Buddhist Beats: on the road with Mongolian Bling
What do we know about Mongolia? It's cold. People are nomads and live in large, round tents called yurts. Also something about rare wild horses. And indeed, this is – more or less – how independent documentary Mongolian Bling starts: out on the steppe, with footage of a man on horseback lassoing another horse.
But then we cut to a modern city – Ulaanbaatar – a wild contrast of grey, post-Soviet architecture interspersed with modern buildings and shops like anywhere else. Sure, a caption announces the outside temperature is minus 20-something Celsius, but the collection of young Mongolians we meet and get to know over the next 90 minutes only care about one thing: hip hop.
This is the startling premise of this surprisingly deep and detailed look at the lives of a bunch of people living near the top of the world. Mongolian Bling is an exercise in artful minimalism: there's no narration and barely a single word of English spoken. There's no map, a few minutes of archival footage, and only two "soundscapes" – where environmental sounds are edited together to create a hip-hop style beat – to break the flow. It's completely engrossing.
"I wanted to get into film," says director Benj Binks simply, "and this was a story I knew was waiting to be told."
The story, in this case, is the tale of three Mongolian hip-hop artists: the commercial Quiza, the grassroots Gee, and the surprising Gennie, who is a 20-something mother-of-one by day and respected and central figure in Ulaanbaatars' hip-hop underground by night. Orbiting around these three is a motley collection of producers, former rappers from the ‘90s, traditional Mongolian musicians, teenage wannabes and Gennie's slightly nonplussed husband.
Binks says, while working as a tour-guide in Mongolia, he heard hip-hop on the street. "Actually I saw these kids walking around in hip-hop gear. There was graffiti, and I heard the music being played and saw it in record shops. I went to gigs."
Back in Australia, Binks attended a film summer-school run by Nubar Ghazarian, who would later step up to be Mongolian Bling's producer, and sometime in 2005 he decided to return to Mongolia and begin shooting. He arrived in 2006.
"It was a steep learning curve," says Binks. "I had to be adaptable, to be sensitive to what was going on." He says he had to learn not to rush or push the story, but allow it to emerge by itself. In fact, what was supposed to be principal photography for the film was quickly downgraded to research.
"I started out asking around, then I was told I had to speak to this person, then to that person. There was a real story here to tell. A piece about Mongolian hip-hop could have been a two-minute novelty, but I didn't want that."
Going back for a second shoot not only blew out the amount of time Binks spent on the film (he says the whole project took seven years) but it also blew out the budget.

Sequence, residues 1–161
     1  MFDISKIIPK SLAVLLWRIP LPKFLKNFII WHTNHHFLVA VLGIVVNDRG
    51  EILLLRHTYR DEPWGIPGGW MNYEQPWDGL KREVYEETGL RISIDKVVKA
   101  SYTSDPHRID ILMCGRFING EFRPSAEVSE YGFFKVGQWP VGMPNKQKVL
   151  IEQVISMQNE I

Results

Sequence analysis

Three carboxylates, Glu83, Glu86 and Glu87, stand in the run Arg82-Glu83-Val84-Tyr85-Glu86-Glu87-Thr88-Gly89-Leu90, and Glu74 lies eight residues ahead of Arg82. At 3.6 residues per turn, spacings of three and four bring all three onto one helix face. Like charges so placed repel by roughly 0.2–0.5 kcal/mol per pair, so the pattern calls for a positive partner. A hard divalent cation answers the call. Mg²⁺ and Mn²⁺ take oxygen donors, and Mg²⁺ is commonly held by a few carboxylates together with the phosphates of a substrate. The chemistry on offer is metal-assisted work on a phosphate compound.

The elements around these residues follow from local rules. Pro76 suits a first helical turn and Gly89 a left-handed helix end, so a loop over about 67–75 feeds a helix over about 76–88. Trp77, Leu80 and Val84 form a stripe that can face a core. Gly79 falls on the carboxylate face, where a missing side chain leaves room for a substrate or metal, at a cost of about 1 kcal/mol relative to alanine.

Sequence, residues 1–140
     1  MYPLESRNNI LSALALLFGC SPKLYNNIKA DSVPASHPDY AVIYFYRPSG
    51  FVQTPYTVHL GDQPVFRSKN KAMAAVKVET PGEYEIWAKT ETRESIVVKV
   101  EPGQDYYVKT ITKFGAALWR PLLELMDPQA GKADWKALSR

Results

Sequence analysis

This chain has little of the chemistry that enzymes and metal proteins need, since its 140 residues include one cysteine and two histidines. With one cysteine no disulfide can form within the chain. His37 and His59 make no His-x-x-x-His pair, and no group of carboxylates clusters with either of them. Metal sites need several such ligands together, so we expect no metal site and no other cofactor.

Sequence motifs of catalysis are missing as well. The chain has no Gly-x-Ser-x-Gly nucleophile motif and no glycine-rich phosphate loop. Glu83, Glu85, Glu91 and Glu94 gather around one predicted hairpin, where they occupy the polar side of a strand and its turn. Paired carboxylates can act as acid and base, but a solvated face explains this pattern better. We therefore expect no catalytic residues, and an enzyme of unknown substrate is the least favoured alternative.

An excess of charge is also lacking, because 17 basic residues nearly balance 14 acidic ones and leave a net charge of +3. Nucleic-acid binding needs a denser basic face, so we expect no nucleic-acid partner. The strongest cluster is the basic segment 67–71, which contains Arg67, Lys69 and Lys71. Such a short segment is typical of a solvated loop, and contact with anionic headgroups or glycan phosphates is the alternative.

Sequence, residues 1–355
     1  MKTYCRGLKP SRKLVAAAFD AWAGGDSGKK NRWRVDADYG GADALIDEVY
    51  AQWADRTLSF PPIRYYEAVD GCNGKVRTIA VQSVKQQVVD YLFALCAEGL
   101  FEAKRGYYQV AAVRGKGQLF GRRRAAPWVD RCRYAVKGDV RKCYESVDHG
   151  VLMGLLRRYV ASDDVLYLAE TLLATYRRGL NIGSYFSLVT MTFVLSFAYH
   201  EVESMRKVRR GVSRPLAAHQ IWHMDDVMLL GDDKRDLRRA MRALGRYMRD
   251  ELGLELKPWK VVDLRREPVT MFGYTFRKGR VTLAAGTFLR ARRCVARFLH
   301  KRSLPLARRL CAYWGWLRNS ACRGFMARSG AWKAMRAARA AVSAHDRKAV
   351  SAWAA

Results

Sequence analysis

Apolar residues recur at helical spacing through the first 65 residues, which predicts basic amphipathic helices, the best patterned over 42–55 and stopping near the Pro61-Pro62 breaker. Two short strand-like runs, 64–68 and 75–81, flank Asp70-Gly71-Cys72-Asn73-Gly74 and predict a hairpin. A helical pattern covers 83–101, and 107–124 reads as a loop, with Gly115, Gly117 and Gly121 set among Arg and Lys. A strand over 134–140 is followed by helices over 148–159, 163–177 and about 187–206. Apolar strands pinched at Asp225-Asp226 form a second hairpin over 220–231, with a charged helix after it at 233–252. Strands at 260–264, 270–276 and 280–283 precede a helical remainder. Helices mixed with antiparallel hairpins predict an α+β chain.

Producer Nubar Ghazarian says they were able to take advantage of a grant for young directors (35 or under) which won them $35,000 from the ABC, and an equal amount from Screen Australia.
"Benj made two unsuccessful pitches," says Ghazarian. "The problem is that while it is a film by an Australian director, it's not about an Australian issue or the Australian experience."
Binks says they suggested the film be about him in Mongolia, “but I really didn't want that". Another suggestion was for Binks to take an Australian rapper to Mongolia and see how he fit in, but again this went against the urge to keep the project from becoming a novelty piece.
"Eventually we were able to show an early cut, and then we got the funding very quickly," says Ghazarian. "We also gained some investors, and even though our Kickstarter wasn't funded, we enabled people to donate to us directly."
Binks and Ghazarian also offered "shares" in the film, by valuing it at $100,000 and offering 2000 half-shares for interested people to purchase. "We raised $50,000 that way," says Ghazarian.
The film ultimately cost around $200,000, which Ghazarian says for a 90-minute documentary shot overseas is extraordinarily cheap. "And we've nearly made all that back," says Binks proudly.
Binks and Ghazarian are currently selling the film to festivals around the world. They've placed it successfully in Warsaw and Mexico City, but still struggle to crack the US festival market.
"It's a hard sell," Ghazarian admits. "Most people don't know what to make of it."
What should we make of it then, this unusual film? Its main strength lies in the way it lets the story emerge organically from the experiences of its protagonists. Compared to the hyper-active and super-aggressive US hip-hop scene that spawned it, the Mongolian equivalent is much more laid-back, pragmatic, even fatalistic.
"It's the Buddhist tradition," says Binks. "These are humble, honest people." For them, being able to sing and make music at all is still a thing to be treasured. Binks drives that point home by including an interview with a former "Soviet Music Censor".
The decision to have no narration, and the gamble Binks takes in expecting the audience to read captions for a full 90 minutes while trying to take in this fascinating mix of harsh environment, real poverty and thriving modern city at the same time is a big one – but one that pays off.
Oh, and the round tent you see in all Mongolian films, even this one? It's not actually called a yurt. That's the Khazak word. Mongolians call it a ger.
The one-hour version of Mongolian Bling was shown on ABC 1 on November 25. You can also catch it on selected Cathay Pacific flights.
This article originally appeared in IF Magazine #149 (October-November 2012).